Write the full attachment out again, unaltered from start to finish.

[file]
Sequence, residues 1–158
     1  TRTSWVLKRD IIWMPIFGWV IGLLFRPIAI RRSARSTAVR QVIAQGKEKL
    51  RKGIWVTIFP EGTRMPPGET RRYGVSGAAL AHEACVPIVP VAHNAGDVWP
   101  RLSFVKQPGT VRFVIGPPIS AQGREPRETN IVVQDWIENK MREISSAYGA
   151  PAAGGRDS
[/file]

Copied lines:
Sequence, residues 1–158
     1  TRTSWVLKRD IIWMPIFGWV IGLLFRPIAI RRSARSTAVR QVIAQGKEKL
    51  RKGIWVTIFP EGTRMPPGET RRYGVSGAAL AHEACVPIVP VAHNAGDVWP
   101  RLSFVKQPGT VRFVIGPPIS AQGREPRETN IVVQDWIENK MREISSAYGA
   151  PAAGGRDS